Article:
Early-life gut microbiota and attention deficit hyperactivity disorder in preadolescents

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Pediatric research


BACKGROUND: Gut microbiota maturation coincides with nervous system development. Cross-sectional data suggest gut microbiota of individuals with and without attention deficit hyperactivity disorder (ADHD) differs. We hypothesized that infant gut microbiota composition is associated with later ADHD development in our on-going birth cohort study, WHEALS.

METHODS: Gut microbiota was profiled using 16S ribosomal RNA and the internal transcribed spacer region 2 (ITS2) sequencing in stool samples from 1 month and 6 months of age. ADHD was defined by parent-reported or medical record doctor diagnosis at age 10.

RESULTS: A total of 314 children had gut microbiota and ADHD data; 59 (18.8%) had ADHD. After covariate adjustment, bacterial phylogenetic diversity (p = 0.017) and bacterial composition (unweighted UniFrac p = 0.006, R(2) = 0.9%) at age 6 months were associated with development of ADHD. At 1 month of age, 18 bacterial and 3 fungal OTUs were associated with ADHD development. At 6 months of age, 51 bacterial OTUs were associated with ADHD; 14 of the order Lactobacillales. Three fungal OTUs at 6 months of age were associated with ADHD development.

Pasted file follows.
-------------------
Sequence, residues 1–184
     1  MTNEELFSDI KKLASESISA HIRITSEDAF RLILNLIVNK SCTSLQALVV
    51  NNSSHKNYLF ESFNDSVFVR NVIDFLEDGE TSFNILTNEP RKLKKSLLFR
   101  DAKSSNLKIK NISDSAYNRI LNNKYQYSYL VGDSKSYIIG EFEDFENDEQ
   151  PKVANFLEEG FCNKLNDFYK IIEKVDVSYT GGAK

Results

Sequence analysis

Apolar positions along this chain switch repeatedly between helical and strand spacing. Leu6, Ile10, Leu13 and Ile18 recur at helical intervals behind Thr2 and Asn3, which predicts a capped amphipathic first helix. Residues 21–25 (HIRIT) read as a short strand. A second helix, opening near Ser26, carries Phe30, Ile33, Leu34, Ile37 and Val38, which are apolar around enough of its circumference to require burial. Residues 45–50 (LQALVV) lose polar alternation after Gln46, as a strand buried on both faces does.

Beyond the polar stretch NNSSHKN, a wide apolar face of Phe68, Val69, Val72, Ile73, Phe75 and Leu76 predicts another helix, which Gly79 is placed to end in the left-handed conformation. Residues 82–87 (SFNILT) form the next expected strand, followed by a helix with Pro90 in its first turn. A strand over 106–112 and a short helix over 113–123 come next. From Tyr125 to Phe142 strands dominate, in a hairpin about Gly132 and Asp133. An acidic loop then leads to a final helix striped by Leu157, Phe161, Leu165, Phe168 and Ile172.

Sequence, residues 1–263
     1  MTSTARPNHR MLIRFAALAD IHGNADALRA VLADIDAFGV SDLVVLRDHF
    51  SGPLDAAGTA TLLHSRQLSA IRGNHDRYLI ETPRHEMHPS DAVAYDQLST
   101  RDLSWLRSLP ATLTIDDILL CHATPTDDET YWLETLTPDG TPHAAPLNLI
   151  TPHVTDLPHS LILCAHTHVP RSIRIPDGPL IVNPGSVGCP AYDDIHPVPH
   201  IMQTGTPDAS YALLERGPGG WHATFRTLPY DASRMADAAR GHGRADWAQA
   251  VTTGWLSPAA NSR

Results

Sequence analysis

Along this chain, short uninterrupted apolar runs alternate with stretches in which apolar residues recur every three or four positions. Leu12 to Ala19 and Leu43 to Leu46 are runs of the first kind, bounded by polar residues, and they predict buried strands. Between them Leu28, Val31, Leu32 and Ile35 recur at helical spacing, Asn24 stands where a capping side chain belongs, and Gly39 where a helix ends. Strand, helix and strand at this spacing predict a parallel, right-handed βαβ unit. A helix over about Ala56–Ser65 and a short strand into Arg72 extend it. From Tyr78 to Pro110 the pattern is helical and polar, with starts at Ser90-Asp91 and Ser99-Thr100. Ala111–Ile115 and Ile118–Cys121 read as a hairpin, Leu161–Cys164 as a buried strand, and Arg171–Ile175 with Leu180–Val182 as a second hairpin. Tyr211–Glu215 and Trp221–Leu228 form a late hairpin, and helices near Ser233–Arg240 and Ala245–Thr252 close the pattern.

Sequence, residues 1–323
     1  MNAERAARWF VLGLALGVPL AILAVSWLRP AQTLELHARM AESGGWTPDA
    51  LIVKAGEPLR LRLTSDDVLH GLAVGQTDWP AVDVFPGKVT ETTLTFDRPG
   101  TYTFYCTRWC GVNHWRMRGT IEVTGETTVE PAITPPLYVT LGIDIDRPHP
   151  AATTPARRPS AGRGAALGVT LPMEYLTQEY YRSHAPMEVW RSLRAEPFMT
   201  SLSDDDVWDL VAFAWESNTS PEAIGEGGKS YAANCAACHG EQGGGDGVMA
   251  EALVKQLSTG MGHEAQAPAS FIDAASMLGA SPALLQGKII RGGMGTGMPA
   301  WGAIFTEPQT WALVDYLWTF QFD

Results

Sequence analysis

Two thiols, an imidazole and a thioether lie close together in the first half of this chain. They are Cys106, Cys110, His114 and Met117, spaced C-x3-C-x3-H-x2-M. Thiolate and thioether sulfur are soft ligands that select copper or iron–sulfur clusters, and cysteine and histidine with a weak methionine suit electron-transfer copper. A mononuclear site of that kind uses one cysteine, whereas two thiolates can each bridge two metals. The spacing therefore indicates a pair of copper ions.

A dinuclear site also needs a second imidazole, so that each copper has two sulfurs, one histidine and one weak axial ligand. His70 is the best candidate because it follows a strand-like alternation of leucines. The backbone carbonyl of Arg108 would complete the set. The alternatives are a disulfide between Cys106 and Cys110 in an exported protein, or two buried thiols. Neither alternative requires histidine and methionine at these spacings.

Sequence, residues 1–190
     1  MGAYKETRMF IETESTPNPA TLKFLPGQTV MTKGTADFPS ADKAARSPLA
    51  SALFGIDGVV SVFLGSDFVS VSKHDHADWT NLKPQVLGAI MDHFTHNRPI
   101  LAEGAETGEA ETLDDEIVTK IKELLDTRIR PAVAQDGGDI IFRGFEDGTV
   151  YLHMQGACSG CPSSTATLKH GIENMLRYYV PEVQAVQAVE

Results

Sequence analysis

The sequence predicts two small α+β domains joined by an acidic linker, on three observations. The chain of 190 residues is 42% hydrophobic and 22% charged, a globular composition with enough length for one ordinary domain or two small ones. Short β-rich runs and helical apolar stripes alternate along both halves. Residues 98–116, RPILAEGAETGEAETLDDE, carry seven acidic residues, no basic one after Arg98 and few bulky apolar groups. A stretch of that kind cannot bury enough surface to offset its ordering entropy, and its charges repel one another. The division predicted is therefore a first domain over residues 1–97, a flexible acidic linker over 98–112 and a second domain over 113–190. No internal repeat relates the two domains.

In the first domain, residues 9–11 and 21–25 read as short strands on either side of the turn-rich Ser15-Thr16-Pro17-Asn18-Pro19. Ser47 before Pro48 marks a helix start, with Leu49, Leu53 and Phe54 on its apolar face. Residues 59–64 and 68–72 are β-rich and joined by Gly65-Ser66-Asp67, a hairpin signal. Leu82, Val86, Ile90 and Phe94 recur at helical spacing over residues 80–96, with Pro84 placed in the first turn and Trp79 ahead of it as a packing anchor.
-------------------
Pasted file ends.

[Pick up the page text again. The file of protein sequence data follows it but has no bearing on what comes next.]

CONCLUSIONS: Infant gut microbiota is associated with ADHD development in pre-adolescents. Further studies replicating these findings and evaluating potential mechanisms of the association are needed. IMPACT: Cross-sectional studies suggest that the gut microbiota of individuals with and without ADHD differs. We found evidence that the bacterial gut microbiota of infants at 1 month and 6 months of age is associated with ADHD at age 10 years. We also found novel evidence that the fungal gut microbiota in infancy (ages 1 month and 6 months) is associated with ADHD at age 10 years. This study addresses a gap in the literature in providing longitudinal evidence for an association of the infant gut microbiota with later ADHD development.

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ePub ahead of print